PAMA, Texture and Thanksgiving, Oh My!
Welcome to the third in a series of Liquor Snob posts in partnership with PAMA pomegranate liqueur. If you like this one, check out our first and second posts.
It's one thing to be able to make a delicious cocktail - say achieving the perfect balance of sweet, sour and strong and creating flavors that dance on the tongue - but believe it or not flavor isn't the only thing that can make a good cocktail great. Texture is an unsung hero of for many home bar tenders, and playing with texture can be a fun way to achieve the next level for your drinks. What do we mean by texture? It can be anything from the "mouth feel" to other tactile experiences associated with a drink - learn more below.
What do we mean by "texture"? Basically it's anything that affects the physical feel of your interaction with the drink. Camper at Alcademics put together a nice list of textural descriptors to help you wrap your head around it, and also included some excellent tips for manipulating texture in your drinks:
Some Texture Descriptors for Cocktails and Spirits
Thick, syrupy, not dilute enough
Thin, weak, non-integrated, over-shaken
Soft, pillowy, foamy, frothy
Slushy, viscous, chewy
As pointed out in the above post there are all kinds of ways to fiddle with the texture of a cocktail, including:
- Modifying Sweeteners & Other Ingredients: Adding or removing sugar, or changing what you use to sweeten a cocktail (e.g., honey, agave nectar, etc.) can also change the mouth feel.
- Modifying Ice & Temperature: Shaking a drink will break up the ice and cause it to form a layer on top of the finished cocktail; stirring does not do this. Chilling a drink more will change the liquid's viscosity - be careful because too cold or too warm can both negatively change the experience of a drink.
- Adding Specific Texture Modifiers: An old trick for foaming up a cocktail is to add egg whites before you shake. You can also play with thickeners, pectins and other specific modifiers to change the feel of a drink, or substitute sparkling wine or seltzer for a still ingredient.
- Modifying Glassware: Rimming a glass with salt or sugar is a sure fire way to change the drinking experience.
PAMA's position is that their product is excellent for toying with certain aspects of texture for multiple reasons, one big one being the tannins from the pomegranate, which "have a drying effect on the tongue and cause the mouth to water in response creating the illusion of texture on the palate." Learn other ways PAMA can change a drink's texture at Pama Pros.
An excellent time to be thinking about texture is when you're pairing your cocktails with food. If you're about to tear into a 2,000 calorie meal of turkey, stuffing, gravy, and pie, are you going to want a thick, heavy, syrupy cocktail, or do you want something frothy and light? We know how we'd answer - and we've put together a list of Thanksgiving-friendly cocktails using PAMA that will pair well with your turkey day and give you a few chances to play with texture.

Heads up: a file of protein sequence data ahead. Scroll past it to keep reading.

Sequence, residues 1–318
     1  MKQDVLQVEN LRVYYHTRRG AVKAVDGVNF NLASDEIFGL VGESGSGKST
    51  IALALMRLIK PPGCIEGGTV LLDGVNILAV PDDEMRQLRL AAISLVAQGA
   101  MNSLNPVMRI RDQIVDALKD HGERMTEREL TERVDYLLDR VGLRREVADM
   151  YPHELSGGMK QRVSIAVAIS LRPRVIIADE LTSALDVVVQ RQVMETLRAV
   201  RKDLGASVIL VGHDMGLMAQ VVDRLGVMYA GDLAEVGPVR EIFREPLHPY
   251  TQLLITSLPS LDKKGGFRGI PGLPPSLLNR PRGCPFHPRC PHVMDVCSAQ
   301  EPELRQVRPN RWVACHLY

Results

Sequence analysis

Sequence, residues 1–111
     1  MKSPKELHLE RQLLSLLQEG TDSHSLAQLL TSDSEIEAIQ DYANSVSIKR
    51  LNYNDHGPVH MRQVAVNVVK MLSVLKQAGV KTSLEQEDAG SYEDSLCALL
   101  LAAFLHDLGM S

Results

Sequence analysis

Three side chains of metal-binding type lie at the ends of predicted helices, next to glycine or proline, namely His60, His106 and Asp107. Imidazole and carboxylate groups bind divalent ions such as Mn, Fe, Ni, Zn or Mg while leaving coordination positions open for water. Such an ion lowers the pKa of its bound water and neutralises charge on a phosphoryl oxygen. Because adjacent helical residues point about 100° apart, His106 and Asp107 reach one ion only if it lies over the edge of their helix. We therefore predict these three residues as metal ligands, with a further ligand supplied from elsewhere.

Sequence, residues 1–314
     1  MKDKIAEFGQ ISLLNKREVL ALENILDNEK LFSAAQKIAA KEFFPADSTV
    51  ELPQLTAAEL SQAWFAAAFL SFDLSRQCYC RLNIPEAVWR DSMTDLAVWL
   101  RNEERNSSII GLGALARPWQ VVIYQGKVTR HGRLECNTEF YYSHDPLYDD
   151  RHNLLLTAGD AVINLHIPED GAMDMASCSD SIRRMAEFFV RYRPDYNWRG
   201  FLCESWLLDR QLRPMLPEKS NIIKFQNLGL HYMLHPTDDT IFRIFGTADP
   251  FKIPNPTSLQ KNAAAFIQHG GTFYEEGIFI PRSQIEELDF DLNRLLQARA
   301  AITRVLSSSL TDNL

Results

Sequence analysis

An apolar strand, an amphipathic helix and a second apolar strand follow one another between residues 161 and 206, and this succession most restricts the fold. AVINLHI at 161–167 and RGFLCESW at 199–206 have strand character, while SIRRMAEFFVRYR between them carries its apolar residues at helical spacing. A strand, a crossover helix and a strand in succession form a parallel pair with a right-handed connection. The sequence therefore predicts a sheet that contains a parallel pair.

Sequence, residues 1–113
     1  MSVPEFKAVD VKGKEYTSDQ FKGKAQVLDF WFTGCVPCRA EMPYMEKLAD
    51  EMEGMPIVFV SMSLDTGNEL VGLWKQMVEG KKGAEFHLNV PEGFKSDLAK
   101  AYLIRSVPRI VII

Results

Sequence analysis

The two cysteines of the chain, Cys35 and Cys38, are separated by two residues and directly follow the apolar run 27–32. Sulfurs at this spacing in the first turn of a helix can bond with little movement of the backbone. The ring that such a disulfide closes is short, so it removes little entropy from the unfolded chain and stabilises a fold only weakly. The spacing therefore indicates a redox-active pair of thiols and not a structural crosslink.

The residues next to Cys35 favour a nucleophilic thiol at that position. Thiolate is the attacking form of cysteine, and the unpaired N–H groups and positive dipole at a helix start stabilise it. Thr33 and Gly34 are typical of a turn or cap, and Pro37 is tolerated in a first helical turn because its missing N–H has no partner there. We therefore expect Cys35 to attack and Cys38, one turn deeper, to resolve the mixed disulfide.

Textural Twists on Thanksgiving Cocktails
You don't have to garnish your drinks with a turkey leg or add stuffing to your ice cubes to bring textural changes to food that will pair well with your holiday meal. We've included some recipes below, as well as suggestions for how to tweak them:
- Apple-Cran-Bitter Cocktail: This unnamed drink posted on Chowhound gives you a few different ways to play with texture and what looks to be a delicious aperatif. Try rimming the glass with sugar instead of subbing in simple syrup to tweak the texture a bit.
- Rosemary Fresca: Herbs and sparkling wine work together to make an airy, refreshing cocktail that will pair with just about anything on your Thanksgiving table.
- American in Paris: Replace the creme de cassis with PAMA if you don't have the other on hand, and you can make a drink very reminiscent of a Manhattan - experiment with shaking the pants off it vs stirring to see what you think about the difference it makes in your sips
- Manzarita: This apple-based takeoff on a margarita can be tweaked in a few ways - swap PAMA in for elderflower liqueur to change the color; a cinnamon & sugar rim on the glass could be another tweak.
We'll keep thinking about other textural & structural ideas and update this post more as Turkey Day approaches.
Disclosure of Material Connection: This is a "sponsored post." The company who sponsored it compensated us via a cash payment, gift, or something else of value to write it. Regardless, we only recommend products or services we use personally and believe will be good for our readers. We are disclosing this in accordance with the Federal Trade Commission's 16 CFR, Part 255: "Guides Concerning the Use of Endorsements and Testimonials in Advertising.". We'd also like to thank PAMA for sending us samples of their product to review.
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Posted by Jake Jamieson at November 13, 2012 6:06 AM